Greens and Labour are the most godless

Greens and Labour are the most godless

Only 37 percent of  parliamentary candidates contesting marginal seats in the coming UK General Election believe in a deity, according to a recent survey by  political communications specialist the Whitehouse Consultancy.

The survey found that a third (33.78) of the 225 candidates polled claiming to be atheists.

More than four in ten candidates (42 percent) claimed to have no religious denomination.

The Green Party (49 percent), followed by Labour (48 percent) was found to have the highest percentages of atheist candidates.

The Conservatives have the highest percentage of Church of England candidates (41 percent).

The findings follow a recent Win/Gallup poll that found that only 30 percent of Britons claimed to be religious.

Religions other than Christianity were found to be poorly represented in the Whitehouse Consultancy survey, with only two percent of candidates claiming to be Jewish, two percent claiming to be Muslim and two percent claiming to be Buddhist.

The Whitehouse Consultancy warned the findings suggest a lack of diversity and that more needs to be done to encourage people of different backgrounds to participate in party politics. Chris Whitehouse, Chairman of the consultancy, said:

This survey suggests that the diversity in our society is yet to be reflected in parliamentary politics. I don’t think this is only a question of how candidates are selected. It is also one of how we can encourage more people with a range of beliefs and backgrounds to get involved and be active in politics.

Given recent findings on Britain’s religious beliefs, it’s unsurprising that a majority of parliamentary candidates are either non-religious or atheist.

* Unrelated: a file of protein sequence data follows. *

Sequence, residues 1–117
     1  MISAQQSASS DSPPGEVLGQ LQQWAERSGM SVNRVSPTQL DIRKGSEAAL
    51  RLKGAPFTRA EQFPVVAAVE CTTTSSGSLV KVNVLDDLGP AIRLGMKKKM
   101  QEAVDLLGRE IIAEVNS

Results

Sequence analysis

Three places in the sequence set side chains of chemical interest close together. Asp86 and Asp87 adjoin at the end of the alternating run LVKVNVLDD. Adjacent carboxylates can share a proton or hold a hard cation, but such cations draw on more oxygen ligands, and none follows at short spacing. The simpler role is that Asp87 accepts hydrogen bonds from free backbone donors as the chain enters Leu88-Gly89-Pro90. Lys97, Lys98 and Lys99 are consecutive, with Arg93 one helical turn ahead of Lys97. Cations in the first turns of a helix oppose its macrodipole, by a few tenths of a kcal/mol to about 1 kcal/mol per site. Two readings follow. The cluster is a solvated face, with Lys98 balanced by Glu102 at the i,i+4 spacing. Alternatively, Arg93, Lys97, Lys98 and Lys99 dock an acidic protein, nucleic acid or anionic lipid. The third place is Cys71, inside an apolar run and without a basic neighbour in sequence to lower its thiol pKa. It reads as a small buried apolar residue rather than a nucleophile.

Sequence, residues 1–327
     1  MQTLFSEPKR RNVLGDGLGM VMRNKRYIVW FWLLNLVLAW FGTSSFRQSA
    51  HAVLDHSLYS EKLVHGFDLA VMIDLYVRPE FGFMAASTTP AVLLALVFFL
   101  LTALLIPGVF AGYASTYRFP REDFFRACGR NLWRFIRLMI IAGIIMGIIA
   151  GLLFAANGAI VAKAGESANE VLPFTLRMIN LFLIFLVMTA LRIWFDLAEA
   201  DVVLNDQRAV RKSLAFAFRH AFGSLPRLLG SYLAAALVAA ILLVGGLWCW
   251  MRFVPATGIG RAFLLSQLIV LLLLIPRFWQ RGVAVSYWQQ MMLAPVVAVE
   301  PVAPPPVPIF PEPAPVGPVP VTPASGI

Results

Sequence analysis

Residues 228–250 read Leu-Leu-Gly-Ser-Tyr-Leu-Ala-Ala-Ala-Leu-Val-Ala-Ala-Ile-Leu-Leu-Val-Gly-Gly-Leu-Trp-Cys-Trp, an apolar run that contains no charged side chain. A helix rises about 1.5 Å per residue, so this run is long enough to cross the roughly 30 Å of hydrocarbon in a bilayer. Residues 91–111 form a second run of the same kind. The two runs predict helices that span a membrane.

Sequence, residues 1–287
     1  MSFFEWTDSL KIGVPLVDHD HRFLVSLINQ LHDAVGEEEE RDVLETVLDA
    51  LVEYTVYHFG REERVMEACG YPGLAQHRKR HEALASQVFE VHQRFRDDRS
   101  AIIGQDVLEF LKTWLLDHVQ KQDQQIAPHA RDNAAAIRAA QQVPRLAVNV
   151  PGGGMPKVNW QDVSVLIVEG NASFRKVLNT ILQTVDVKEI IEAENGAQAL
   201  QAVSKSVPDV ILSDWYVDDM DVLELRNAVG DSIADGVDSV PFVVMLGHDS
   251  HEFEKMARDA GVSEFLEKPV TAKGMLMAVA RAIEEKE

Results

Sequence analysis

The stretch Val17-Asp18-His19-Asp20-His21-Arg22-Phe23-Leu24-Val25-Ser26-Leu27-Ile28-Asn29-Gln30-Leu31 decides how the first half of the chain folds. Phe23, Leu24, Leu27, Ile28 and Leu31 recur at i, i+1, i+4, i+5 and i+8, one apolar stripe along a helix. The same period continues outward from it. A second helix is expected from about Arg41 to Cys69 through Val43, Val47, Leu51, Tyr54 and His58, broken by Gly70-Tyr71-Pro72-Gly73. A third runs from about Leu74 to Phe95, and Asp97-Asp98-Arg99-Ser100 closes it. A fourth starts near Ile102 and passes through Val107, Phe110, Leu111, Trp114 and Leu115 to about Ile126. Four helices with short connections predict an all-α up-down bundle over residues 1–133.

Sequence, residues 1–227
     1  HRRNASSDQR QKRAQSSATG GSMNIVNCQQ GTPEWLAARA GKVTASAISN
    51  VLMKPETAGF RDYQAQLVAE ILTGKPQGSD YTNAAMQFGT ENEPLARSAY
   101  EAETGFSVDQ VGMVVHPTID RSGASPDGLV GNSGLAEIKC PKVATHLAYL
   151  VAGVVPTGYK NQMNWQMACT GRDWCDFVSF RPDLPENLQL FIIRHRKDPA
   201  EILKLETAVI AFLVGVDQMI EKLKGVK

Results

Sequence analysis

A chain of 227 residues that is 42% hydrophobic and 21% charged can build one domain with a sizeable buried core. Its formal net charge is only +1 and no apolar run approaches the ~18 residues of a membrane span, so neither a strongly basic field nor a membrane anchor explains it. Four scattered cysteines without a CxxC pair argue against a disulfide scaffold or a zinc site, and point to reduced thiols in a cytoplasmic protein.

Terry Sanderson, President of the National Secular Society, noted that:

There is only an issue with politicians’ religious beliefs if they try to force their religious views on to others. The last parliament has seen some politicians using their positions to evangelise, which is wholly inappropriate – particularly given how irreligious society is today.


Meanwhile, it is reported here that a Muslim Tory candidate – Gulzabeen Afsar, above – has apologised for saying she could never support “the Jew” Ed Miliband, the Labour leader who is in fact an atheist.

Afsar, who is a council candidate in the ward of Littleover in Derby, made the comment on Facebook. She initially posted:

Just can’t take Mr Ed Miliband seriously!! DC has what it takes to be the future PM.

When someone replied that she should show respect for Miliband because he was the “future PM”, she wrote:

Nah bro! never ever will I drop that low and support the al yahud lol.

Al Yahud is Arabic for “the Jew”.

A Conservative spokesman said:

Her comment was offensive and wrong. She has removed it and apologised.

12 responses to “Greens and Labour are the most godless”

  1. Marky Mark says:

    (Given recent findings on Britain’s religious beliefs, it’s unsurprising that a majority of parliamentary candidates are either non-religious or atheist.)
    I believe if one believes in talking snakes and magic fairies they are not qualified to be in politics…or even be a cop. These are jobs where logic is so important for the job and performance.
    The West Memphis Three case is a perfect example… “Sense we christians in law enforcement are the smartest people in the room, and we can’t figure this crime out…it must have been Satan. Lets go after the kids who wear heavy metal T-shirts since we know heavy metal is Satan’s music.”
    As the real murder, a good christian, went on to cause havoc and murder another innocent in the years following the WM3 case.

    Has anyone else had a problem with this site over the past week?

  2. Stephen Mynett says:

    Marky Mark, yes was unable to get on it for several days.

  3. Barry Duke says: